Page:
Matching Items (2)
- All Subjects: Biogeochemistry
- Genre: Masters Thesis
- Creators: Garcia-Pichel, Ferran
- Member of: Theses and Dissertations
Soil organic carbon (SOC) is a critical component of the global carbon (C) cycle, accounting for more C than the biotic and atmospheric pools combined. Microbes play an important role in soil C cycling, with abiotic conditions such as soil moisture and temperature governing microbial activity and subsequent soil C processes. Predictions for future climate include warmer temperatures and altered precipitation regimes, suggesting impacts on future soil C cycling. However, it is uncertain how soil microbial communities and subsequent soil organic carbon pools will respond to these changes, particularly in dryland ecosystems. A knowledge gap exists in soil microbial community responses to short- versus long-term precipitation alteration in dryland systems. Assessing soil C cycle processes and microbial community responses under current and altered precipitation patterns will aid in understanding how C pools and cycling might be altered by climate change. This study investigates how soil microbial communities are influenced by established climate regimes and extreme changes in short-term precipitation patterns across a 1000 m elevation gradient in northern Arizona, where precipitation increases with elevation. Precipitation was manipulated (50% addition and 50% exclusion of ambient rainfall) for two summer rainy seasons at five sites across the elevation gradient. In situ and ex situ soil CO2 flux, microbial biomass C, extracellular enzyme activity, and SOC were measured in precipitation treatments in all sites. Soil CO2 flux, microbial biomass C, extracellular enzyme activity, and SOC were highest at the three highest elevation sites compared to the two lowest elevation sites. Within sites, precipitation treatments did not change microbial biomass C, extracellular enzyme activity, and SOC. Soil CO2 flux was greater under precipitation addition treatments than exclusion treatments at both the highest elevation site and second lowest elevation site. Ex situ respiration differed among the precipitation treatments only at the lowest elevation site, where respiration was enhanced in the precipitation addition plots. These results suggest soil C cycling will respond to long-term changes in precipitation, but pools and fluxes of carbon will likely show site-specific sensitivities to short-term precipitation patterns that are also expected with climate change.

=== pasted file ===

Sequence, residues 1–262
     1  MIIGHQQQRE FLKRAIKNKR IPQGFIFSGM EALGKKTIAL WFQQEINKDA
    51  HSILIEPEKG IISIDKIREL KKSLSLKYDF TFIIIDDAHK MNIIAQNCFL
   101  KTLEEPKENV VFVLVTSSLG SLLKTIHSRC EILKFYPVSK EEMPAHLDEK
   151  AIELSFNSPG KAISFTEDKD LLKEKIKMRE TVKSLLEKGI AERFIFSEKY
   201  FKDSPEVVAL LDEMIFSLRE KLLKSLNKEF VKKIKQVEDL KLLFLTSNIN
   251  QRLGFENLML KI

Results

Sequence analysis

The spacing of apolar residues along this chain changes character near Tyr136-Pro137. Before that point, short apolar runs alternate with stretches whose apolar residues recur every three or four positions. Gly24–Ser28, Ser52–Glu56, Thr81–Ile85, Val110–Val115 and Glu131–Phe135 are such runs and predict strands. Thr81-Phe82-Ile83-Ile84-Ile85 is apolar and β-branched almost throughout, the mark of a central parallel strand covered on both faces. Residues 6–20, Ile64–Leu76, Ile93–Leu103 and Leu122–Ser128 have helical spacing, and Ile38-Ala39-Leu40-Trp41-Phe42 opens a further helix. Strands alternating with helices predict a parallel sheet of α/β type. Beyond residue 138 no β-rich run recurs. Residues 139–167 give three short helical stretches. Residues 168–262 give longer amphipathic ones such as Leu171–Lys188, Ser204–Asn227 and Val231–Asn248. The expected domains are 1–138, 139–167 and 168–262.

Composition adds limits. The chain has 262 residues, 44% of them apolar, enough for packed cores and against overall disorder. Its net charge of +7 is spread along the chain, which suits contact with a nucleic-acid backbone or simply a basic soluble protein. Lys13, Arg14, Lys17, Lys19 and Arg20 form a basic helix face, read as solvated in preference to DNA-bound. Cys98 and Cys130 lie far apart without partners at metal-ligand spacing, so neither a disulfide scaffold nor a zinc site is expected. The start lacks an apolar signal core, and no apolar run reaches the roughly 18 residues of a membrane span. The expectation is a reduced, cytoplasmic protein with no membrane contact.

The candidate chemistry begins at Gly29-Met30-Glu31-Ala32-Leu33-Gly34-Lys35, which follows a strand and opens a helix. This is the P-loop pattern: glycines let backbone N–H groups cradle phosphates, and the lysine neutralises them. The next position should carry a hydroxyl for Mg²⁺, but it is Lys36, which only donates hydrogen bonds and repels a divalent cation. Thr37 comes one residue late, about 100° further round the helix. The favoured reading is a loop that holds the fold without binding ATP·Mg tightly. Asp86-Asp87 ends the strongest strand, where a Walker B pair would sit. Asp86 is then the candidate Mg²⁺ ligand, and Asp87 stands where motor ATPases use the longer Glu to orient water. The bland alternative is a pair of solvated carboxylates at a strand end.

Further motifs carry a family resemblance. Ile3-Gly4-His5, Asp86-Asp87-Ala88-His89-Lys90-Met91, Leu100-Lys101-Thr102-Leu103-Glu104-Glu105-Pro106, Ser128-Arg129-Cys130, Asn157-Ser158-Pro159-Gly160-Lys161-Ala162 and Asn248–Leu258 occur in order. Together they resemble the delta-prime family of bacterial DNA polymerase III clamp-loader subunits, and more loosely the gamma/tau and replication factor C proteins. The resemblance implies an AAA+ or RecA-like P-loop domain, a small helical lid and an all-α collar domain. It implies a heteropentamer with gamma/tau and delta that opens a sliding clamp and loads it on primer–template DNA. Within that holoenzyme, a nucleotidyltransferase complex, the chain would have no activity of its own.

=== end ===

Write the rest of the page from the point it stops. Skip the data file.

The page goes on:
There is a growing consensus that photodegradation accelerates litter decomposition in drylands, but the mechanisms are not well understood. In a previous field study examining how exposure to solar radiation affects decomposition of 12 leaf litter types over 34 months in the Sonoran Desert, litter exposed to UV/blue wavebands of solar radiation decayed faster. The concentration of water-soluble compounds was higher in decayed litter than in new (recently senesced) litter, and higher in decayed litter exposed to solar radiation than other decayed litter. Microbial respiration of litter incubated in high relative humidity for 1 day was greater in decayed litter than new litter and greatest in decayed litter exposed to solar radiation. Respiration rates were strongly correlated with decay rates and water-soluble concentrations of litter. The objective of the current study was to determine why respiration rates were higher in decayed litter and why this effect was magnified in litter exposed to solar radiation. First, I evaluated whether photodegradation enhanced the quantity of dissolved organic carbon (DOC) in litter by comparing DOC concentrations of photodegraded litter to new litter. Second, I evaluated whether photodegradation increased the quality of DOC for microbial utilization by measuring respiration of leachates with equal DOC concentrations after applying them to a soil inoculum. I hypothesized that water vapor sorption may explain differences in respiration among litter age or sunlight exposure treatments. Therefore, I assessed water vapor sorption of litter over an 8-day incubation in high relative humidity. Water vapor sorption rates over 1 and 8 days were slower in decayed than new litter and not faster in photodegraded than other decayed litter. However, I found that 49-78% of the variation in respiration could be explained by the relative amount of water litter absorbed over 1 day compared to 8 days, a measure referred to as relative water content. Decayed and photodegraded litter had higher relative water content after 1 day because it had a lower water-holding capacity. Higher respiration rates of decayed and photodegraded litter were attributed to faster microbial activation due to greater relative water content of that litter.